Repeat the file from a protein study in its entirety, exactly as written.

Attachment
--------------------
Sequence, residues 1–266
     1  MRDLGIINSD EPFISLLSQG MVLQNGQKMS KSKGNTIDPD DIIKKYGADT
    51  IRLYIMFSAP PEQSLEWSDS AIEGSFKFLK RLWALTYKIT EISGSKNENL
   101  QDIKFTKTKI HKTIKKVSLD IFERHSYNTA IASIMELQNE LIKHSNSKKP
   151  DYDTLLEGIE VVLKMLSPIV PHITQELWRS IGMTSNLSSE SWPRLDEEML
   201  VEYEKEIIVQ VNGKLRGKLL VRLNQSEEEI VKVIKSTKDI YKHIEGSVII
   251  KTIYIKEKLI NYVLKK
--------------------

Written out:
Sequence, residues 1–266
     1  MRDLGIINSD EPFISLLSQG MVLQNGQKMS KSKGNTIDPD DIIKKYGADT
    51  IRLYIMFSAP PEQSLEWSDS AIEGSFKFLK RLWALTYKIT EISGSKNENL
   101  QDIKFTKTKI HKTIKKVSLD IFERHSYNTA IASIMELQNE LIKHSNSKKP
   151  DYDTLLEGIE VVLKMLSPIV PHITQELWRS IGMTSNLSSE SWPRLDEEML
   201  VEYEKEIIVQ VNGKLRGKLL VRLNQSEEEI VKVIKSTKDI YKHIEGSVII
   251  KTIYIKEKLI NYVLKK